Thursday, October 10, 2013

Why I refuse to participate in Energy Upgrade California

                             

When I first heard of Energy Upgrade California I was excited. Energy upgrade packages for existing homes with rebates sounded awesome. I attended the ACI conference in LA which was the kick off. The event was interesting as we heard from program developers of how the program would be initiated. I also attended some orientation sessions at the CCSE. I liked what I heard. As my business is primarily residential repairs and upgrades I thought this would be a perfect fit.

What I have found is the program is not what I expected.  I have sat on the sidelines refusing to critique or participate in the system. I think I have given it a long enough run and now I will explain my concerns.
The upgrades are consistent with Energy Pro calculations that estimate energy savings. Now to be fair I know a base has to be somewhere and Energy Pro is certainly a capable program. But the estimates are just that estimates. Living in San Diego and having the most mild climate makes modeling savings a challenge. While our money from the Utilities and the State of California is taken at the same percentages our rebates are severely compromised. We get less of the pie but no less of our contribution to this pie. This is simply not fair.

The system is very much geared toward equipment. An example would be that often duct sealing and air sealing have very low margins but replacing a HVAC has a high bar. Water Heater upgrades from the standard tank to a tank less have large margins. These margins often do not reflect real world savings.
Those that do not currently have HVAC and are looking to replace legacy furnaces and upgrade to AC see no benefit as an AC system was not in place to begin with and therefore may not be modeled. Because of this they might chose a less efficient model based on the rules of the program which is not the spirit of the program in my mind.

Work scope is controlled by an outside group. As a contractor this is what I find really problematic. I have to stand behind a  work scope not of my nor my customers choosing.  My initial audit is rendered useless as  program administrators duplicate the same process and then provide me with the accepted work scope. This duplicity makes no sense and our tax/utility dollars are wasted in the process. The original audit should simply be performed by the outside service if they control the work scope. Furthermore as the contractor I am married to a work scope that I might not agree with and responsible 100% of any liabilities that might arise in the future. I personally am not comfortable with such as system.

I must note that is not the CCSE I am criticizing.  I have always held a high opinion of CCSE here in San Diego and still do. The staff has always been responsive and eager to help. They have provided training classes and opportunities to connect with other professionals. They still provide this high level service as well as countless others. They listen to concerns and attempt to be as proactive as they can. I would have been far more comfortable with them running the program which sadly is not the case.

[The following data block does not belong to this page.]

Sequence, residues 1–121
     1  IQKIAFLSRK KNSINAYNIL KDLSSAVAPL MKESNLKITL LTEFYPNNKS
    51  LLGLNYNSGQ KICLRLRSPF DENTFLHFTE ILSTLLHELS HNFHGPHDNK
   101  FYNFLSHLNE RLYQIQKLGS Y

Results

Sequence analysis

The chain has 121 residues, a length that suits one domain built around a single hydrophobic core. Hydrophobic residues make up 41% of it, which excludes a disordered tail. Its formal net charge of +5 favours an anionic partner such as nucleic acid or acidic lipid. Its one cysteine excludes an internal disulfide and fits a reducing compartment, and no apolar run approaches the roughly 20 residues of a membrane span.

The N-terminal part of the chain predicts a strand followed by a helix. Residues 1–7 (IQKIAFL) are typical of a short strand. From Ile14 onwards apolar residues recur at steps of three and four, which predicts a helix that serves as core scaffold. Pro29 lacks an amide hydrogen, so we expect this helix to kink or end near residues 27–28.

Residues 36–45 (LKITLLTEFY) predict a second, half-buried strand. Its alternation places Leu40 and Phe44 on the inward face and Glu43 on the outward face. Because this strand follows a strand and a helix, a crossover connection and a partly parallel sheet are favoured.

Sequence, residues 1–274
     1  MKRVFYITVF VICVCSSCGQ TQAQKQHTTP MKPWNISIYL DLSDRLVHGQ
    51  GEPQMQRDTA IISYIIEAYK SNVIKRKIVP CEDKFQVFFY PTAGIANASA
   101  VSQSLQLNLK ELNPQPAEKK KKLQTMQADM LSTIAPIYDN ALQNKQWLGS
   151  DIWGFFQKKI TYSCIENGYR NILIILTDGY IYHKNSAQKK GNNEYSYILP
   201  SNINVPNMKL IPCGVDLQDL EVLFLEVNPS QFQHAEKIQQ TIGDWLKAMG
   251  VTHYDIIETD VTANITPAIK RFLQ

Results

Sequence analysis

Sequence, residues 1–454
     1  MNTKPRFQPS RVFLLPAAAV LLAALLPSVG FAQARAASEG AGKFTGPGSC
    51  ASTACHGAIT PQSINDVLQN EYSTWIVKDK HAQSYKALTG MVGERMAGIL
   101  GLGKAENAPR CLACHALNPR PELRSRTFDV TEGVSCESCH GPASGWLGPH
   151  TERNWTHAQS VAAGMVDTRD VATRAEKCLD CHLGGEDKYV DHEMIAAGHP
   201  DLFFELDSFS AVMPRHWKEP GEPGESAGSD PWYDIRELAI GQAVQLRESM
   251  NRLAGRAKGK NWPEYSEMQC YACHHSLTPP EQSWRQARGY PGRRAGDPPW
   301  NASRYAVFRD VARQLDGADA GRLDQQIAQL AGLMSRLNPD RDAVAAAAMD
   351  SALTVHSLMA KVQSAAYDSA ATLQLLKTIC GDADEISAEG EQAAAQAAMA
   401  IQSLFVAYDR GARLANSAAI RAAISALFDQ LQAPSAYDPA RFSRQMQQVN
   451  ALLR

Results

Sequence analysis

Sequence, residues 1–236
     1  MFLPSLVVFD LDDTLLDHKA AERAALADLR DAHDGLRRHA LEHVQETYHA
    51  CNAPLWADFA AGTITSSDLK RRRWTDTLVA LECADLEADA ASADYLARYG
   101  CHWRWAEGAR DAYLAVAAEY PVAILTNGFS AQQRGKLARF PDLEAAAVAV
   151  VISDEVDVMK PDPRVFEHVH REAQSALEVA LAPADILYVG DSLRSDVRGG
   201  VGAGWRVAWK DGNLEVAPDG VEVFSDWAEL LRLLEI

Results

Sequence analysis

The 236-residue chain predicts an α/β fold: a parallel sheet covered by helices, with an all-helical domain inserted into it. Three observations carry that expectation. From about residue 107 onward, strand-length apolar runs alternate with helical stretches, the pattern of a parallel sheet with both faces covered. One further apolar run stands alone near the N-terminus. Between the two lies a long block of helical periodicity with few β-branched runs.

As we move forward control of such programs to ensure that tax/rate payer dollars are not wasted, upgrades are performed and provide reasonable work scope is imperative.  However having a quasi government organization with autocratic control over the entire program and 100 percent QA does not seem like a wise nor cost effective way to proceed in the future.  Furthermore rebates should be equitable for improvements regardless of weather conditions. 

This system is sadly broken. In conclusion I chose not to participate and see no reason to in the future. 


1 comment:

  1. Hi Glen,

    I am sad to hear about your experience and opinion of EUC. I want to say that what you have described is not exactly the way the program runs in the SDG&E territory.

    First of all, Energy Upgrade California is meant to provide an incentive to customers to upgrade the energy efficiency of their homes with the goal of using less energy. If a customer started with no AC and wants to add AC, no matter how efficient that new AC is, it is an increase in energy consumption. That being said, there are still other incentives available for that situation outside of EUC.

    While I agree that going from a tanked to tankless water heater shows a higher savings than is realistic, I would not say that all savings are biased towards equipment. Duct sealing is often the biggest bang for your buck. Duct Sealing and Air Sealing are performance based and are not based on an assumed load like water heating.

    As far as a dictated SOW, in SDG&E area we only approve the SOW under advanced path. This review is to make sure the SOW meets program specifications. We would only request a change to your SOW if it didn't meet our program standards. In Home Upgrade the SOW is not reviewed as the savings are deemed from the existing CEC Deer database. You simply check the boxes to determine the SOW and anything else you do is between you and the customer.

    I appreciate you taking the time to express your concerns with the program and we would like the opportunity to sit down and address those concerns and see if perhaps their are some changes you may not have heard about that will make the program work for you. Contact myself, jfrank@rhainc.com or ICF, CCSE, SDG&E to schedule a lunch. It is on me!

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